Bristol City Council have commissioned a redesign of the Missorts website, which has just gone live. Missorts is my immersive soundwork for Bristol. The project was launched on 20 November 2012, on the anniversary of Thomas Chatterton’s birth. Missorts was originally designed as a GPS-triggered smartphone app that activated automatically in the Redcliffe area of Bristol, and could not be accessed anywhere else.
The work features ten original and interconnected short stories by Sara Bowler, Holly Corfield Carr, Thomas Darby, Jack Ewing, Katrina Plumb, Jess Rotas, Hannah Still, Helen Thornhill, Isabel de Vasconcellos and Sacha Waldron. In the original app, the stories unfold each in their own specific location as you walk around Bristol Temple Meads and Redcliffe, near Thomas Chatterton’s birthplace, and are accompanied by – or embedded within – the Portwall Preludes, a series of striking new musical works specially composed by Jamie Telford for St Mary Redcliffe’s Harrison and Harrison church organ. Stories and music could be listened to in any order. This new browser-based version of the project means, further, that stories and music can now be listened to anywhere. I’m interested to see how an audio work designed for a particular location in Bristol might sound in other locations, including those with their own radical literary histories.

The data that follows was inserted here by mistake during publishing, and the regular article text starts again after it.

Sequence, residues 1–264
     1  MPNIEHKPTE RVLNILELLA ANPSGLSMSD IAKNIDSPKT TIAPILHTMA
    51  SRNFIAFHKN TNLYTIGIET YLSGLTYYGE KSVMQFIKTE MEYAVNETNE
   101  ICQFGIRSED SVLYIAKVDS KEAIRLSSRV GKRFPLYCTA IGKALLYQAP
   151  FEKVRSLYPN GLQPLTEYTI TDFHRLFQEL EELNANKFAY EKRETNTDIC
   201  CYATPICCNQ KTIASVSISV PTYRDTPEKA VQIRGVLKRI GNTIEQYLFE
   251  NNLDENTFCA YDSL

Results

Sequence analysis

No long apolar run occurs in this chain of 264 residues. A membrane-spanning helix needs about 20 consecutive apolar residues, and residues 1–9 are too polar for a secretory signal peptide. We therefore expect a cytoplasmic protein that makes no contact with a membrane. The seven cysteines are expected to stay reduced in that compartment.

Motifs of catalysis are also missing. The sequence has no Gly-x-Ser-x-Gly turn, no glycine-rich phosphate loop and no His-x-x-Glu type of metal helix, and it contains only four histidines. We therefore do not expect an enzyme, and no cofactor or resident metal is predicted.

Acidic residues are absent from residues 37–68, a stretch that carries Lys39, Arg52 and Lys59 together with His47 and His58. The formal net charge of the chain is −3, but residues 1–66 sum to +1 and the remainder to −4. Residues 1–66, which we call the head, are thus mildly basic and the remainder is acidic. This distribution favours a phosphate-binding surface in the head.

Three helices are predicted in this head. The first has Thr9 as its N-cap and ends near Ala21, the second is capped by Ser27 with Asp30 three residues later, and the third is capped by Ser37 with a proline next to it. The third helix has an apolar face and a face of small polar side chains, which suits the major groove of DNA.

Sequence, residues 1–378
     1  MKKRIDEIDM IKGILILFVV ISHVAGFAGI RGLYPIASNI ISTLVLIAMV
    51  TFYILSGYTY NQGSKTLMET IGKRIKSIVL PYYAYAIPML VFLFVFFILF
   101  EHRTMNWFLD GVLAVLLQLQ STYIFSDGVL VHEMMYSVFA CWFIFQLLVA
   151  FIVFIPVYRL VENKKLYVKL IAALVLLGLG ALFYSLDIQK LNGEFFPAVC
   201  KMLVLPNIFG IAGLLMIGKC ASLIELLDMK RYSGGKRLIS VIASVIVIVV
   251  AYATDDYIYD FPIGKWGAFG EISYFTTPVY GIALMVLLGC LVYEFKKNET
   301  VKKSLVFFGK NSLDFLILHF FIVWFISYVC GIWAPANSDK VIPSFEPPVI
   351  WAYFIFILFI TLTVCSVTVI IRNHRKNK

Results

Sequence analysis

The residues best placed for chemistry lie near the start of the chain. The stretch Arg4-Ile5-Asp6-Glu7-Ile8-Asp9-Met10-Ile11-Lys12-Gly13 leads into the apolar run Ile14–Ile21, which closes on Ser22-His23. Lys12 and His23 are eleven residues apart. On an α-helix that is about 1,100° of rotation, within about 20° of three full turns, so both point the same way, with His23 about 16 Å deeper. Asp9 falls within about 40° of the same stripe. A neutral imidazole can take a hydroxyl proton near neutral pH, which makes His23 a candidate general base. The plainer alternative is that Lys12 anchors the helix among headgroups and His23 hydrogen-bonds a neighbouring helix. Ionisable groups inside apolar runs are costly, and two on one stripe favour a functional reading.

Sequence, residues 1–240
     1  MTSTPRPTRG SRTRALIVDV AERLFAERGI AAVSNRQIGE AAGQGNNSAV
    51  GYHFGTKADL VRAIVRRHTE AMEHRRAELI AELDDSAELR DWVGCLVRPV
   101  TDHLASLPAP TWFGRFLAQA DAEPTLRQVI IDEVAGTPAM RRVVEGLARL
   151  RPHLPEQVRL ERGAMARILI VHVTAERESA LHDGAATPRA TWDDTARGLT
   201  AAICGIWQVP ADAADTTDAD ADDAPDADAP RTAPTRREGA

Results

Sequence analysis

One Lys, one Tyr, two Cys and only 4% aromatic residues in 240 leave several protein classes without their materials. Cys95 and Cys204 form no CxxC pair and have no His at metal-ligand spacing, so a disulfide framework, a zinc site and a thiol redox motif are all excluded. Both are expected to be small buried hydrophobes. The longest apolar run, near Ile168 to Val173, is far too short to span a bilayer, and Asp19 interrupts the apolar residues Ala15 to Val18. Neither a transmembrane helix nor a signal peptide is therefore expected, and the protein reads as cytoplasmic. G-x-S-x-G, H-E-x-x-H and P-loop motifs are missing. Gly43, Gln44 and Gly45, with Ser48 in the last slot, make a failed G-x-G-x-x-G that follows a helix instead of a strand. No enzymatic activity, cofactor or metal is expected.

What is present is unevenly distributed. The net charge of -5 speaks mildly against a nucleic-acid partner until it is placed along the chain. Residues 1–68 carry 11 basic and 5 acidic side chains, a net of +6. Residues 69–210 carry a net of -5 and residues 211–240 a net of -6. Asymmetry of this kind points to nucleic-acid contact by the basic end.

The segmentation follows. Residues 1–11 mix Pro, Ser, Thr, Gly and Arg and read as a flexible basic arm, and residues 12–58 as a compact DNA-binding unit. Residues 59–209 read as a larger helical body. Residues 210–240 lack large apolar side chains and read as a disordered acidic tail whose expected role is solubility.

The redesign extends the life of the project and makes it available to wider audiences – and includes director David Bickerstaff’s short documentary. Whilst the app did enable an incredible degree of automation (and using GPS to trigger the stories in the places where they’re set, and allowing users to mix between stories and music in real time and space was an integral part of the work), backwards compatibility has proved a challenge, and the fact that users needed to acquire an app in the first place was a frequent obstacle. User experiences that are echoed by Futurebook’s Molly Flatt, writing in The Bookseller this summer about browser-based vs app-based reading experiences:
From a reader’s point of view, downloading an app is a surprisingly big barrier to entry. From a publisher’s point of view, producing and distributing content via an app is a total pain […] working with frustrating external shopfronts such as the Apple Store. In other words, our innovative new solution was… a website.
On this same subject, I was also interested to note that one of my favourite digital literature experiences of 2017 – Joanna Walsh’s mesmerising Seed (from Editions at Play) – was purely browser-based.